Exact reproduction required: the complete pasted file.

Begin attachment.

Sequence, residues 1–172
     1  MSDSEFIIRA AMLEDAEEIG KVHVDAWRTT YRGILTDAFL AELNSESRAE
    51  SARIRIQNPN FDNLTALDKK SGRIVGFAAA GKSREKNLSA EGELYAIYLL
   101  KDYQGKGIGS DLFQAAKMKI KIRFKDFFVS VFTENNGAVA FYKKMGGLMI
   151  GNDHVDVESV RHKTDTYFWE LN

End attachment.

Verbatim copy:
Sequence, residues 1–172
     1  MSDSEFIIRA AMLEDAEEIG KVHVDAWRTT YRGILTDAFL AELNSESRAE
    51  SARIRIQNPN FDNLTALDKK SGRIVGFAAA GKSREKNLSA EGELYAIYLL
   101  KDYQGKGIGS DLFQAAKMKI KIRFKDFFVS VFTENNGAVA FYKKMGGLMI
   151  GNDHVDVESV RHKTDTYFWE LN